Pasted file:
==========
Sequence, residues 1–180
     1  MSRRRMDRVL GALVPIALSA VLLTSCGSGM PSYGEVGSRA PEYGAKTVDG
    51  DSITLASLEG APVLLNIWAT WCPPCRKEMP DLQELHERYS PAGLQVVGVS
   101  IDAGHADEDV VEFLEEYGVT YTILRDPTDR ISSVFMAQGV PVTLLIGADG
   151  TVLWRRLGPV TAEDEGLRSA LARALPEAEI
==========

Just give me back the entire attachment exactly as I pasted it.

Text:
Sequence, residues 1–180
     1  MSRRRMDRVL GALVPIALSA VLLTSCGSGM PSYGEVGSRA PEYGAKTVDG
    51  DSITLASLEG APVLLNIWAT WCPPCRKEMP DLQELHERYS PAGLQVVGVS
   101  IDAGHADEDV VEFLEEYGVT YTILRDPTDR ISSVFMAQGV PVTLLIGADG
   151  TVLWRRLGPV TAEDEGLRSA LARALPEAEI